Glue Guy of the Week: Roosevelt Jones, Butler
In the future, I will try to avoid using doubling up my categories, but Jones' performance against the Hoosiers was too sublime to pass up. The 6-4 sophomore from O'Fallon, Ill., is not usually looked upon to score. But if Clarke is this team's Mr. Outside and 6-11 senior Andrew Smith is Mr. Inside, then Jones is Mr. Everything In Between. He leads Butler in assists and is essentially tied with Smith for the team lead in rebounds. Against Indiana, Jones had 12 rebounds and six assists -- both career highs -- and scored 16 points before fouling out with 2:03 left in regulation. Usually, the Glue Guy does a little of everything. On Saturday, Jones did a lot of everything.
Freshman of the Week: Chris Obekpa, St. John's
I realize the Johnnies weren't exactly facing a powerhouse team in St. Francis, but I still have to give Obekpa, a 6-9 native of Nigeria, the nod for his nine-block, seven-rebound, five-assist performance in the 77-60 win. That was two blocks shy of tying the single-game record Obekpa set seven days earlier against Fordham. Obekpa is locked in a tight race with Kansas center Jeff Withey to be the nation's shot-blocking king. Withey has a slight lead at the moment -- he averages 5.6 blocks to Obekpa's 5.3 -- but keep in mind that Withey is a fifth-year senior on a national powerhouse. Obepka is a first-year freshman on a rebuilding team. Yet, he's staging his own, one-man block party.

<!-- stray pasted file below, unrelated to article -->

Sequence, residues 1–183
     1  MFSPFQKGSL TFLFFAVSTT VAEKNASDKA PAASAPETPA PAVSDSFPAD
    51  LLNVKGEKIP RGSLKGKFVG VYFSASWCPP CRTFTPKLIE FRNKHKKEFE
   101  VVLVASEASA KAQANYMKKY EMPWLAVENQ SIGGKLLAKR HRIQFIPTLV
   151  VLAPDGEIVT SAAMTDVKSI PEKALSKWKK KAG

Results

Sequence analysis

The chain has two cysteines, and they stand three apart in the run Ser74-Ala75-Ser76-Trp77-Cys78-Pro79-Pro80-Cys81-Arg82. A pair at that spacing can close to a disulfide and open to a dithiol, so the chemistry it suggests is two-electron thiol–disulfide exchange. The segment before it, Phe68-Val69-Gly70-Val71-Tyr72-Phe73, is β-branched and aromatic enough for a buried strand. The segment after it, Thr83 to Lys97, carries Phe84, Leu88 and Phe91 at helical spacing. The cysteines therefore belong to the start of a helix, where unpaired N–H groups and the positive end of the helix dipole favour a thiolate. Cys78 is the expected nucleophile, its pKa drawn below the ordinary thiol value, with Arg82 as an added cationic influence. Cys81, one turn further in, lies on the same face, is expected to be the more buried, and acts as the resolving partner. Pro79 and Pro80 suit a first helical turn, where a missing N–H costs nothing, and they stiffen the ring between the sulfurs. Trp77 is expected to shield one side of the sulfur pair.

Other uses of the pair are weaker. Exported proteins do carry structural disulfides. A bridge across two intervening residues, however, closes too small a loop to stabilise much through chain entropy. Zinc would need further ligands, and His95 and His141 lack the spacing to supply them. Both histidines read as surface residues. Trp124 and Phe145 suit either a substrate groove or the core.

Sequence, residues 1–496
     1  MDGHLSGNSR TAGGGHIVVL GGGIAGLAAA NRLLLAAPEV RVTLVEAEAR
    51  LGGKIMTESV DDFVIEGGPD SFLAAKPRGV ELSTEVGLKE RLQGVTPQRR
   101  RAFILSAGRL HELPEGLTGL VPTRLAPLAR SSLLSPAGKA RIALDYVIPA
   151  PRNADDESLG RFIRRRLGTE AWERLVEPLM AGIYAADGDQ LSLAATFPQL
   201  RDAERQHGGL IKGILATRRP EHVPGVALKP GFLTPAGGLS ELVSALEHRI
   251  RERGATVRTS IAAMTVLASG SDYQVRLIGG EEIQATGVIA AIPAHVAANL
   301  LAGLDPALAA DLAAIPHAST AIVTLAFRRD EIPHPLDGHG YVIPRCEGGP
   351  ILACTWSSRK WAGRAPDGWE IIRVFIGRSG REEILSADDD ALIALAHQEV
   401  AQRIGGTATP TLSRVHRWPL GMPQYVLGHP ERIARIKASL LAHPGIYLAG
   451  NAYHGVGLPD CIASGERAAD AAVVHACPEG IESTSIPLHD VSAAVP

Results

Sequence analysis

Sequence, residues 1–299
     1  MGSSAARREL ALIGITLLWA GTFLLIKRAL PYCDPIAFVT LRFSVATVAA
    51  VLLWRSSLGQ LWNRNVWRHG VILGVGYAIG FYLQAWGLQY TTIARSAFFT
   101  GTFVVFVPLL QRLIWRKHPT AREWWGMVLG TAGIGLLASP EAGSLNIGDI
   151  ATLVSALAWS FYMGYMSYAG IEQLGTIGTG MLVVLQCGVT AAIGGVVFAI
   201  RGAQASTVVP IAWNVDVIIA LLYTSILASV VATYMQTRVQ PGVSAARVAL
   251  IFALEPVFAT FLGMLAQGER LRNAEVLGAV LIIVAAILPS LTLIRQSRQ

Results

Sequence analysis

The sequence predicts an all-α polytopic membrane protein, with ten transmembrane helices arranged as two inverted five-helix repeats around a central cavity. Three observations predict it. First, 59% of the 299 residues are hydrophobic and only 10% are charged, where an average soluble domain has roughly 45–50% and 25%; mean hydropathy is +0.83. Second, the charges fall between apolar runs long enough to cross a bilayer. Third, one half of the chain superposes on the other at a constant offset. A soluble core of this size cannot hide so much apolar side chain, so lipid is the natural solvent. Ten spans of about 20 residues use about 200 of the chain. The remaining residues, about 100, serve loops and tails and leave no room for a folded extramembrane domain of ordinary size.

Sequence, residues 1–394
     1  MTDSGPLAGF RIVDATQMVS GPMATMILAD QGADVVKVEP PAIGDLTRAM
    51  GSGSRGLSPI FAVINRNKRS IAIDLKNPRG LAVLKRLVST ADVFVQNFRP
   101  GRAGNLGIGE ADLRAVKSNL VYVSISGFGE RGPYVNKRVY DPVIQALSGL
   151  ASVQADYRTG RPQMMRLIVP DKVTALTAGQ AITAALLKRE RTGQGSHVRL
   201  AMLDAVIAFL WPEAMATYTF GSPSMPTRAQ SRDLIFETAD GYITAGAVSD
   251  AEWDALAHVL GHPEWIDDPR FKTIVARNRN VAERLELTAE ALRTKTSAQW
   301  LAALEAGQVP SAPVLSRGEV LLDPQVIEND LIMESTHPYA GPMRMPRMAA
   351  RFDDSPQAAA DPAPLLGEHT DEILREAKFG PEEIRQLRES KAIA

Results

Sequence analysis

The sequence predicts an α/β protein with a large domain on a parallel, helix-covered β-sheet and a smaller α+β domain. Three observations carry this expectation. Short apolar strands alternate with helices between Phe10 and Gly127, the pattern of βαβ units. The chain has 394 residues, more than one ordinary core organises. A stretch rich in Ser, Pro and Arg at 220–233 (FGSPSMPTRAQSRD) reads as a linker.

Under-the-Radar Player of the Week: Devyn Marble, 6-6 junior swingman, Iowa
We don't normally think of a player from a power conference school as being under the radar, but since Marble has yet to play in the NCAA tournament, most fans are unaware of just how good he is. The son of former Hawkeye great Roy Marble, who is still the school's alltime leading scorer, Devyn had a season-high 30 points (on 14-for-19 shooting from the free throw line) to lift the Hawkeyes to a resume-building win over Northern Iowa last week.